Anti-Bark Devices and Gadgets:
And now on to a more touchy subject. There are quite a few different anti-barking tools on the market, some being more controversial than others. These, preferably, should be used as a last resort. Even something like a shock collar could be effective in stopping excessive barking. Although you should keep in mind that many believe that these gadgets cause unnecessary pain to your precious pets and sometimes have the opposite effect than what was intended.
Breed IS Going to Play a Role:
One of the most useful tools in your box is going to be taking the time getting to actually know your new fur-friend. Every single dog is different, they all have their own personalities, and the breed of your puppy is also probably going to be a factor. Certain canine breeds tend to be more vocal than others. For instance, the Beagle breed, being a hunting breed, is well-known for barking and howling, whereas a Greyhound rarely makes a sound. Getting familiarized with your puppy’s unique personality, and taking his breed into account, will help you tailor a precise plan for curbing the barking issue.
How Not to Approach the Situation:
Just as there is an appropriate way to approach the situation, there are also ways that you do not want to attempt to deal with it. The way that you treat the issue is going to dictate whether or not you are successful in doing so. Reacting the wrong way could very well make the barking problem worse and cause other issues to develop in the process.
Here are a few helpful dos and don’ts when trying to stop a puppy from barking:
• Do keep calm. The way that you react to the situation is ultimately going to shape the way that your puppy responds to it, and to you. Yelling, screaming, and corporal punishment (hitting, smacking) typically will only make everything worse. Being physical can also cause your dog to fear you which can result in aggressive behavior like fear biting.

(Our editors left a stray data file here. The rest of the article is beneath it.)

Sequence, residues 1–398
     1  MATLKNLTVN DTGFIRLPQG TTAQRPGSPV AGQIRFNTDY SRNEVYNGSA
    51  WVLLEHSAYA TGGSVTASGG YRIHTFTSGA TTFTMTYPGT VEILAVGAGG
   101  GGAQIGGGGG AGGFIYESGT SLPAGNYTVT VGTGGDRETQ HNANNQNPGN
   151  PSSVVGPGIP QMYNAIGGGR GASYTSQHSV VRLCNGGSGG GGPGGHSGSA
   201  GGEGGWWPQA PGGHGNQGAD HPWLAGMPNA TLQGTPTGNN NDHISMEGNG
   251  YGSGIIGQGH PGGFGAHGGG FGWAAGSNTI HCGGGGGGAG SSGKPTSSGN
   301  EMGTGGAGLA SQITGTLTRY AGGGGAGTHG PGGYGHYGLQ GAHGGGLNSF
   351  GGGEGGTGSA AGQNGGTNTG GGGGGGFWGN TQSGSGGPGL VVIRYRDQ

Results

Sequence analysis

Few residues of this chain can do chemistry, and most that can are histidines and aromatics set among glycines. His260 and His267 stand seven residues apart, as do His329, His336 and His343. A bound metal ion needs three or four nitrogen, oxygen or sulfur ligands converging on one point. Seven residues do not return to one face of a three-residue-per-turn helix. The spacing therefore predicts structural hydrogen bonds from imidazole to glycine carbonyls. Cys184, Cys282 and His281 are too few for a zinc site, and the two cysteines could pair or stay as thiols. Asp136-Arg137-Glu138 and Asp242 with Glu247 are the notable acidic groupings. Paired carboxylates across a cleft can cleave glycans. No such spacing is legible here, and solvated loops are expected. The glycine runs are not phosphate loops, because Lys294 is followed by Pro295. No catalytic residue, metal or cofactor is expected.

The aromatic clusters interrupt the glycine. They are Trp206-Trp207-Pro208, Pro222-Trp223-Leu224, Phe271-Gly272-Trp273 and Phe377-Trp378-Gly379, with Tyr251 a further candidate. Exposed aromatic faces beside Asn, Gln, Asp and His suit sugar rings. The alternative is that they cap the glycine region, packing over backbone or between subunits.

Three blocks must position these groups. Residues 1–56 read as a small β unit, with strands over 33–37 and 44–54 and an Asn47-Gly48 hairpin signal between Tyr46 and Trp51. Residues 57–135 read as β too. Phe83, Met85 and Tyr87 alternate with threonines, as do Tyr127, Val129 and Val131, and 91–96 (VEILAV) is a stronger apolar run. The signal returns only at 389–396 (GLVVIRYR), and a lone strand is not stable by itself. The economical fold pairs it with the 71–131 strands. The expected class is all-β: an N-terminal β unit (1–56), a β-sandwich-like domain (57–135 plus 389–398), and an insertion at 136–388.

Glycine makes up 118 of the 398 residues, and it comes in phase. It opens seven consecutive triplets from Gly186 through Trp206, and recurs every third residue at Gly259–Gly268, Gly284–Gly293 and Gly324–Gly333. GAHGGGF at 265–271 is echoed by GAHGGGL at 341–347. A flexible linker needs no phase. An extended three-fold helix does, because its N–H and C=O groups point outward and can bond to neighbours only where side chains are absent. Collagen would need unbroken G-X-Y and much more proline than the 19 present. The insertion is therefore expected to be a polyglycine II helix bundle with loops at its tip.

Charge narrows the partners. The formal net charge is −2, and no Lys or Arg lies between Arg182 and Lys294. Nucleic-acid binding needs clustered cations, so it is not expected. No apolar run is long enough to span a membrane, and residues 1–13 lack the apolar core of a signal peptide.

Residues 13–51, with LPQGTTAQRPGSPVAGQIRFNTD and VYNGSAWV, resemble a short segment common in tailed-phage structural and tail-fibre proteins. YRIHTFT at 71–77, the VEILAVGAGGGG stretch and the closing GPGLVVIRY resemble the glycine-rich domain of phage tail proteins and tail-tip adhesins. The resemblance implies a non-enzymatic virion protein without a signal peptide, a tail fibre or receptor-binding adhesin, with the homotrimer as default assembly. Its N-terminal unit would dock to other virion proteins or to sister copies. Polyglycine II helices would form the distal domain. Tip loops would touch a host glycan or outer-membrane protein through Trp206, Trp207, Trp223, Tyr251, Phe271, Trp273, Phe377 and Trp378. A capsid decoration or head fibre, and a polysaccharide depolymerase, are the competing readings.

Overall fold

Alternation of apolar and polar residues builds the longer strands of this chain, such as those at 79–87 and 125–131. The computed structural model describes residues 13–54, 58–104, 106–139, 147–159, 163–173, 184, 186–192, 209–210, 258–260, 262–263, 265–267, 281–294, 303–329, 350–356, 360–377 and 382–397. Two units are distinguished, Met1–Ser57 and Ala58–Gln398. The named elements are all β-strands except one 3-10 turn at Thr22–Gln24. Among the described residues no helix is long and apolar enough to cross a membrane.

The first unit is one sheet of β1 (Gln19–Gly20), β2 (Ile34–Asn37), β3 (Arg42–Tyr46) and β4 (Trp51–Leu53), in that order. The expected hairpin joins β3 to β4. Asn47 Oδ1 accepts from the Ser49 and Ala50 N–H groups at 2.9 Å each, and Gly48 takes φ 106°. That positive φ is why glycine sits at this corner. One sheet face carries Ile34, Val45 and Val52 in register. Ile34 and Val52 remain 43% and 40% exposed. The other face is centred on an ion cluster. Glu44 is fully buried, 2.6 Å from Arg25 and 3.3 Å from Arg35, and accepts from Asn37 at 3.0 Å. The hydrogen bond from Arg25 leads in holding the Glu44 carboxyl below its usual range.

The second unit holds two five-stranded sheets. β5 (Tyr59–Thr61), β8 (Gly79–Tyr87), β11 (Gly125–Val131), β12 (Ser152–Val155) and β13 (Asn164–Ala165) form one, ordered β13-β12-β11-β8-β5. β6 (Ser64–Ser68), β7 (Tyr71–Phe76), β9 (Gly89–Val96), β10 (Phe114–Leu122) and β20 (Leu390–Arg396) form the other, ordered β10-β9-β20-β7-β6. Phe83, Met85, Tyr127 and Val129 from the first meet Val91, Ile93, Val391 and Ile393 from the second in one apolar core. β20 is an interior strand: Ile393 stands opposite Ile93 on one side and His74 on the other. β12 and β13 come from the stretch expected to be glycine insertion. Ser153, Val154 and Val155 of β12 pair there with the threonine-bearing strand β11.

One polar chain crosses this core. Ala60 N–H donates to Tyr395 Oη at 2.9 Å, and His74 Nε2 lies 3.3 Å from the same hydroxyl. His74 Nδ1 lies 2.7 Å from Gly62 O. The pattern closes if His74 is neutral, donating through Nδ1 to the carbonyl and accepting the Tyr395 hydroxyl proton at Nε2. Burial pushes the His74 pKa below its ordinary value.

• Don’t expect too much, too soon. Puppies, like human infants, are just babies. They have the ability to learn but it is going to take time and patience. Mistakes are going to happen. Keep with it. Don’t give up.
• Do your research. Maybe one of the most important aspects of puppy ownership is doing your research. Background, breed, and personality, among other things, are all going to play a role in the relationship between you and your puppy. Some dogs learn easier than others while some are more prone to being overly vocal. Know what you are getting into before actually getting into it.
• Don’t be afraid to ask for help. Certain puppies will be, let’s say more of a challenge than their counterparts. While a friend’s puppy might catch onto the rules in no time at all, yours just might need a little extra help. Don’t be afraid to call in the professionals, after all that is what they are there for.
• Do make a firm commitment. Circling back to the research issue, knowing what you are getting yourself into will help ensure that the commitment will stick. Dogs that are rehomed tend to develop behavioral problems making them less likely to find another home and family. Once you’re in it, you’re in it. Honor your commitment, this is merely a bump in the road.
• Don’t use a muzzle while the dog is unattended. While you might be tempted to utilize a muzzle to stop your puppy from barking when home alone, it is unsafe and not recommended. Whilst in a muzzle, your puppy lacks the ability to eat and drink sufficiently and it poses a real risk for accidental choking.
Many new pet owners tend to underestimate the amount of work that goes into caring for a puppy. Quite a few also underestimate the possible lengthiness of the adjustment period. It isn’t a commitment that should be taken lightly. As much as this is a change for you, remember that it is also a stressful and scary situation for your new fur-friend. The barking might subside on its own or it could be something that the both of you are just going to have to work at. The one thing that is guaranteed? It will all be completely worth it in the end. You’ll not find a more loyal, loving companion. There’s a reason that dogs have earned the title of ‘man’s best friend’ – and they hold that title well. Enjoy your new pal, you’re in for quite a ride.
What do you think?